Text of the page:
Harry Ashby, 29, has been suffering from morning sickness. He and his fiancée Charlotte Allsopp, who is 19, are expecting a baby. He was diagnosed with sympathetic pregnancy or Cauvade Syndrome after visiting his GP with weight gain, food cravings and exhaustion problems. The security guard who is from Erdington, Birmingham, was signed off sick with these unusual conditions.
He says his problems began about two months ago after they discovered the pregnancy. Mr Ashby, who auditioned for both the X Factor and Britain’s Got Talent, started experiencing morning sickness and his stomach and breasts also began growing. He started feeling exhausted most of the time, just like his fiancée, and suffered chest and back pains. “He started throwing up in the mornings and we’d lie on the sofa and moan at the same time about our aches and pains,” Miss Allsopp, a hair dresser said.
Their baby girl is due sometime early next year and the father shares the same cravings for orange Lucozade and fatty foods like Chinese takeaways, just like his wife. Mr Ashby, who is a part-time model, began panicking when he realized he had added a stone and a half. They researched his symptoms online before he visited his GP and he was diagnosed with Couvade syndrome, commonly known as sympathetic pregnancy.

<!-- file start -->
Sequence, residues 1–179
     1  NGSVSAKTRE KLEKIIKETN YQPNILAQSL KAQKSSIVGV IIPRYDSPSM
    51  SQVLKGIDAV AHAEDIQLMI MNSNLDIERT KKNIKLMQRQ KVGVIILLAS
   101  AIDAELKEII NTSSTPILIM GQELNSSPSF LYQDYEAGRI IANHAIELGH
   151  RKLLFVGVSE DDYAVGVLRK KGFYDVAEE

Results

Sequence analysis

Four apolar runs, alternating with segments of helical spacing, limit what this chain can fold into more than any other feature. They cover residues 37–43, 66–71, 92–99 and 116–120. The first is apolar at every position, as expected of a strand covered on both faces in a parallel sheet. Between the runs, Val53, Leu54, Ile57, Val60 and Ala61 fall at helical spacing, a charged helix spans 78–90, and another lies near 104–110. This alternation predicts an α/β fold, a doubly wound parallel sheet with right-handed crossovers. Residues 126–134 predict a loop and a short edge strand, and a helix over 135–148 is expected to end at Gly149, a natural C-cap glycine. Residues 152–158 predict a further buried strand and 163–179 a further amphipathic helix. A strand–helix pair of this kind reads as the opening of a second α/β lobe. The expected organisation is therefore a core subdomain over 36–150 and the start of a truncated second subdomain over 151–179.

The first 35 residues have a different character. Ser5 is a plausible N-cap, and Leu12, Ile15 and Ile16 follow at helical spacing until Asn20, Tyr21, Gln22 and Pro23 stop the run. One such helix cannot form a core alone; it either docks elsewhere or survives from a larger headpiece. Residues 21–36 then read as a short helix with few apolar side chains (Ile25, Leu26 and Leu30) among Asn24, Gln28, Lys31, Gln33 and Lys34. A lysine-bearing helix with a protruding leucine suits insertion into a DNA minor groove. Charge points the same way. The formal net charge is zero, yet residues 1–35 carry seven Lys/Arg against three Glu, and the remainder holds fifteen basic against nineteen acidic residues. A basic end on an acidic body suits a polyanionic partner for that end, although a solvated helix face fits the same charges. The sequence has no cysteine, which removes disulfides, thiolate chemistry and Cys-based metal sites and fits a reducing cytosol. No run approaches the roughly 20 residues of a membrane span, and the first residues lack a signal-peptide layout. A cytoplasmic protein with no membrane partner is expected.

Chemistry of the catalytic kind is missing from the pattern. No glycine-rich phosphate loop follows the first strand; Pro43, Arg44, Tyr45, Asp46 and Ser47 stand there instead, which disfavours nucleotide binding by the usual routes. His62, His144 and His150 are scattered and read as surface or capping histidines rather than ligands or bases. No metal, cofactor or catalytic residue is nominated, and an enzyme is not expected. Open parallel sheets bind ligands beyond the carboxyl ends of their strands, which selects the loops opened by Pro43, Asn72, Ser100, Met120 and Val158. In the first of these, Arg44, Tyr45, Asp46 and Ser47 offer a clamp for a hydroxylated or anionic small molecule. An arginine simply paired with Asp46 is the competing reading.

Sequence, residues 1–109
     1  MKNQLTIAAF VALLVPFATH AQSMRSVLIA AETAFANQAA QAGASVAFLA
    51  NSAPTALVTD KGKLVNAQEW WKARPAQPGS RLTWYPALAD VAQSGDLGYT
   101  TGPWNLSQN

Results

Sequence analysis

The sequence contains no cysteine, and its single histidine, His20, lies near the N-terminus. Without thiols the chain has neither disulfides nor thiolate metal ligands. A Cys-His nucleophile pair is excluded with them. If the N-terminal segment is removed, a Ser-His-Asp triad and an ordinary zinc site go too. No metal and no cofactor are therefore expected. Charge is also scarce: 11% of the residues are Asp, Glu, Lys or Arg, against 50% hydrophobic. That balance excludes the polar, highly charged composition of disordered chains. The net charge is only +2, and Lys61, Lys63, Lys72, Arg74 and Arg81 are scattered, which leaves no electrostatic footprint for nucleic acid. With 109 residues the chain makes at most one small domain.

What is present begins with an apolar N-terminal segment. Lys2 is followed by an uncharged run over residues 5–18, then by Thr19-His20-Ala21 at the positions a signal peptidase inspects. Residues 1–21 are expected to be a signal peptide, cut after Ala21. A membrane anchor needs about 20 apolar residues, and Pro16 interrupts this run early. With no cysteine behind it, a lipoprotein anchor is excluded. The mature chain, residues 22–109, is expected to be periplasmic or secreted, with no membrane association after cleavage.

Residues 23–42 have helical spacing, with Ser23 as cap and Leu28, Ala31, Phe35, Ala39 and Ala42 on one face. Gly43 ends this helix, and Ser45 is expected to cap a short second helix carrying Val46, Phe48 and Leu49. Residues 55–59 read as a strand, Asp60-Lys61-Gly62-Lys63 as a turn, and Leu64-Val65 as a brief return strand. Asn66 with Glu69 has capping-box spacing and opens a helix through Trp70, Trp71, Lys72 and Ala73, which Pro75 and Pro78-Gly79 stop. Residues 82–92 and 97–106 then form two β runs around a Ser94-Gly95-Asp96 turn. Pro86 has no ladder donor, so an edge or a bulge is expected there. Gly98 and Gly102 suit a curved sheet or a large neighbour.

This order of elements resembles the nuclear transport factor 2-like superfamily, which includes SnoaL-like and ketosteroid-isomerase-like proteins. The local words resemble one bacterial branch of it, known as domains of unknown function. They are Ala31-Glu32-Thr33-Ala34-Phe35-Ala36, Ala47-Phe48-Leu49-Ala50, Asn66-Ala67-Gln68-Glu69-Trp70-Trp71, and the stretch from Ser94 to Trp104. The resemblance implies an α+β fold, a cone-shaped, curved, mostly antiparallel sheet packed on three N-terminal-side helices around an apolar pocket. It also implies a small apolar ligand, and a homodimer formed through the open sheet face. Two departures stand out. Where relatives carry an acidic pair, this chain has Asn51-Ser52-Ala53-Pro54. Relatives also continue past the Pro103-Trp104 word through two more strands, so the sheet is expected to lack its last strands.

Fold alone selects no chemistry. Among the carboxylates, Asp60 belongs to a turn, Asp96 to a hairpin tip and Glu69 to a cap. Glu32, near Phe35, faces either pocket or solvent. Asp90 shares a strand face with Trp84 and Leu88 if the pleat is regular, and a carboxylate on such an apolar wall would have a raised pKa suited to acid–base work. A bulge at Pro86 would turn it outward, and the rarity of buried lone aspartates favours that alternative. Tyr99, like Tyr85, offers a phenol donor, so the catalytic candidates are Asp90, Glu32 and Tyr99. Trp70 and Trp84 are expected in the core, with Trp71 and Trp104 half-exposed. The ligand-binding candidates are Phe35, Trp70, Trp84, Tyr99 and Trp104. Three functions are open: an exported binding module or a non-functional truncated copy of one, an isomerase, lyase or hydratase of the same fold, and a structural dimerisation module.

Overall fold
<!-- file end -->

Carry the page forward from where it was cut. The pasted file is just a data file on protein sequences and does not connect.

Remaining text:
According to his doctor, he was the first man to ever get a sick note for this type of condition and his security firm boss gave him time off work, after the diagnosis. He felt better after knowing what was troubling him and it made him appreciate what his fiancée is going through.
He also said that he understood what the Duchess of Cambridge was going through (he has a severe case of morning sickness, called hyperemesis gravidarum). He also hoped that speaking out about his condition would help others with similar problems. His partner, Miss Allsopp however says that she gets tired of having to take care of him while he should be taking care of her.
They have lost a baby previously during pregnancy and believe that this trauma may have led to the unusual closeness, which fascinates their friends. Miss Allsop’s baby is due January the 2nd and she is not the only one anxious about it. “I’m a bit nervous, as some men who have Couvade syndrome also had bad labor pains when their partners give birth,” she says.
Cauvade Syndrome also known as the male sympathetic syndrome, comes from French ‘couver’ meaning ‘to hatch’. Medically, the condition is not recognized although a study done in 2007 showed that out of 282 fathers in the survey, 11 of them had visited their GP with similar symptoms to those their pregnant partners were experiencing. Symptoms include: vomiting, nausea, food cravings, weight gain, depression, tiredness, tooth ache and fainting. In extreme cases, the men develop a pregnant-looking stomach and breasts. The symptoms, according to some of the sufferers, subsided after some time while others claimed they lasted up to and also during labor.